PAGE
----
In the episodes to come, we will attempt to revisit where things stand one year since Jammu and Kashmir was stripped off its statehood.

We will try and understand the situation on the ground, both in terms of this constant talk of development and in real terms, through the lives of the people of Jammu and Kashmir.

Today I’ll be discussing how Kashmir is, one year since August 5 of 2019. Joining me to help us see how it is like in Kashmir is Kashmiri journalist Quratulain Rehbar.

It has been close to a year since we’ve started recording episodes for this podcast. When we initially started, I remember the troubles you had to go through, just to get to a phone so that you could record with me. Since then, have things changed? For the better or for the worse?

Qurat: Right now I will speak about Kashmiris under curfew and heavy restrictions on the movement of people. Post August 5, there was a complete communication blackout in Kashmir. We used to access internet from the Media Facilitation Centre which was provided by the government and the speed was too frustrating. But it eventually got a little normal in areas where 2G speed internet and phone networks were restored. This time I must say that not entirely but things are better in terms of communication like we have network, we have 2G speed internet and I must say that the speed of the internet is so frustrating. I mean, we still have low speed internet from a year to this point.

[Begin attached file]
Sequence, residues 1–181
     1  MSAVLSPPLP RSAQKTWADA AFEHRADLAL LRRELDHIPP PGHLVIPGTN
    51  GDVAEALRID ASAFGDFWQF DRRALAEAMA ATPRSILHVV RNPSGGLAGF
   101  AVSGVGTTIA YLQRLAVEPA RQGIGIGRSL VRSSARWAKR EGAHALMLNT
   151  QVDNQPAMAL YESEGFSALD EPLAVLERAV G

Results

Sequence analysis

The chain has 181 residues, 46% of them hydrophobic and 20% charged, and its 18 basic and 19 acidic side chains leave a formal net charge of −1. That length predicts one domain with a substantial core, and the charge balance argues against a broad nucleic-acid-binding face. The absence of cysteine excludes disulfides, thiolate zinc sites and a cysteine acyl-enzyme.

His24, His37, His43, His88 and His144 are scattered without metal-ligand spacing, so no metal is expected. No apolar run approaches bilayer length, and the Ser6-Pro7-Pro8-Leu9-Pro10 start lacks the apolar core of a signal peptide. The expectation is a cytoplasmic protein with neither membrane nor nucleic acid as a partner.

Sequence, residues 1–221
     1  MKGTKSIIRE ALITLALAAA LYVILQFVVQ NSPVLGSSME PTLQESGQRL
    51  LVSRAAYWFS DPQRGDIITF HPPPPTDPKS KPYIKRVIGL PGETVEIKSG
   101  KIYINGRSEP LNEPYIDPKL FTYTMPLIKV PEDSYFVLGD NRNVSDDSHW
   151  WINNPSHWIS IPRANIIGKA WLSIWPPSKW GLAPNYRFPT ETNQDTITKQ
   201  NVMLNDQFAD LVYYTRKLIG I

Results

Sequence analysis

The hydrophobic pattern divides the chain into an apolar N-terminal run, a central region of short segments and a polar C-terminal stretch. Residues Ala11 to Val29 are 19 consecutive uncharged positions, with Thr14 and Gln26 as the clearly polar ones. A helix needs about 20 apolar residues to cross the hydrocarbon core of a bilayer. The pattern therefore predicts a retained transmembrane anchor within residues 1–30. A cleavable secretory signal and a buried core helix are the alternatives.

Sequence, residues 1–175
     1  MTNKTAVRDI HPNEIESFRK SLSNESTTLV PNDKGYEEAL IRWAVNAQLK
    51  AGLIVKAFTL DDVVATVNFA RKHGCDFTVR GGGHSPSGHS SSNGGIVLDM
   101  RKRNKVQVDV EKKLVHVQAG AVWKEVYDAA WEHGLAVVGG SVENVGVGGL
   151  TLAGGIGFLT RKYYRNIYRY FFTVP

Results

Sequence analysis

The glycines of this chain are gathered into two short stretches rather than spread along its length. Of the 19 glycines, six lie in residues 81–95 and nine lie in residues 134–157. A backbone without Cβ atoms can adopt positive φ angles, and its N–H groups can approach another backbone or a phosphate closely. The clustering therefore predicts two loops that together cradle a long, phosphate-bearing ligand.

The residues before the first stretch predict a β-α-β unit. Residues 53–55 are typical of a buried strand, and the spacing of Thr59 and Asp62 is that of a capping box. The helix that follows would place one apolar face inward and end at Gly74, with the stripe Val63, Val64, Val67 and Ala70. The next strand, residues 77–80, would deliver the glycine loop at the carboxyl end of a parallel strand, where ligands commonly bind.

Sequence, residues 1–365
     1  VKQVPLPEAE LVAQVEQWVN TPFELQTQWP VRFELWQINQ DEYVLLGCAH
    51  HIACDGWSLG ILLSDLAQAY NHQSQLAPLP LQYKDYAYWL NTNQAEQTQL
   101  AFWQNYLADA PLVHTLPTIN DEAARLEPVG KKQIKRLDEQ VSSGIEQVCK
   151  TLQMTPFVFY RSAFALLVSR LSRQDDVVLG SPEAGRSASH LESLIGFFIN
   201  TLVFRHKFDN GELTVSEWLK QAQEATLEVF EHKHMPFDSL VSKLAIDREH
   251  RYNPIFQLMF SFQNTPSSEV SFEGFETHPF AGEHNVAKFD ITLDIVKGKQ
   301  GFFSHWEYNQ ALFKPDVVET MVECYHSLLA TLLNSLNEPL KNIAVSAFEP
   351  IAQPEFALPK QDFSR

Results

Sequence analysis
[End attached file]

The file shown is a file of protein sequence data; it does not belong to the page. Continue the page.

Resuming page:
Greeshma: In his 2019 speech a year back in the Parliament, Home Minister Amit Shah said and I quote, “The revocation of Article 370 helps break the monopoly that was set by the previous lawmakers of Kashmir. Industry, healthcare, and education in Kashmir was stalled due to Article 370. Removal of Article 370 will pave the way for Kashmir’s development, it is especially for the youth of Kashmir.”

One year since, are there changes in Kashmir, as Amit Shah said there would be? Has the revocation of special status to Kashmir been beneficial to Kashmir?